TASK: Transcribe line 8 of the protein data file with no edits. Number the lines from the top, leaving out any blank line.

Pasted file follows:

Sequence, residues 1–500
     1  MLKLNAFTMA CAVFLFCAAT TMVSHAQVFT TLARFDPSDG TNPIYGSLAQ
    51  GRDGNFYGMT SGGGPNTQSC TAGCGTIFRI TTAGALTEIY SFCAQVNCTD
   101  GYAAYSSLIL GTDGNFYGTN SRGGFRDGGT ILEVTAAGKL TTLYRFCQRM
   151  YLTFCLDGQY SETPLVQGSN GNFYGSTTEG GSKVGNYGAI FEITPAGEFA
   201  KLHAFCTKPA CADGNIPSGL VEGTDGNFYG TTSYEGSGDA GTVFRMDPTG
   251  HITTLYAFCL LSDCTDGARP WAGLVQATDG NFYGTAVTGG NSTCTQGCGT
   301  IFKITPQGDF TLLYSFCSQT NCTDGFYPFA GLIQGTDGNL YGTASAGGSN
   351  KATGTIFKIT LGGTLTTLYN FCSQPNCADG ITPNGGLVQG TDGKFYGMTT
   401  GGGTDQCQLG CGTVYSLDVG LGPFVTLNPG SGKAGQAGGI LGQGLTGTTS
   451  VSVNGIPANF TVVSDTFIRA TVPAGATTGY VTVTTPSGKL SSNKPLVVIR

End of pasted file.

   301  IFKITPQGDF TLLYSFCSQT NCTDGFYPFA GLIQGTDGNL YGTASAGGSN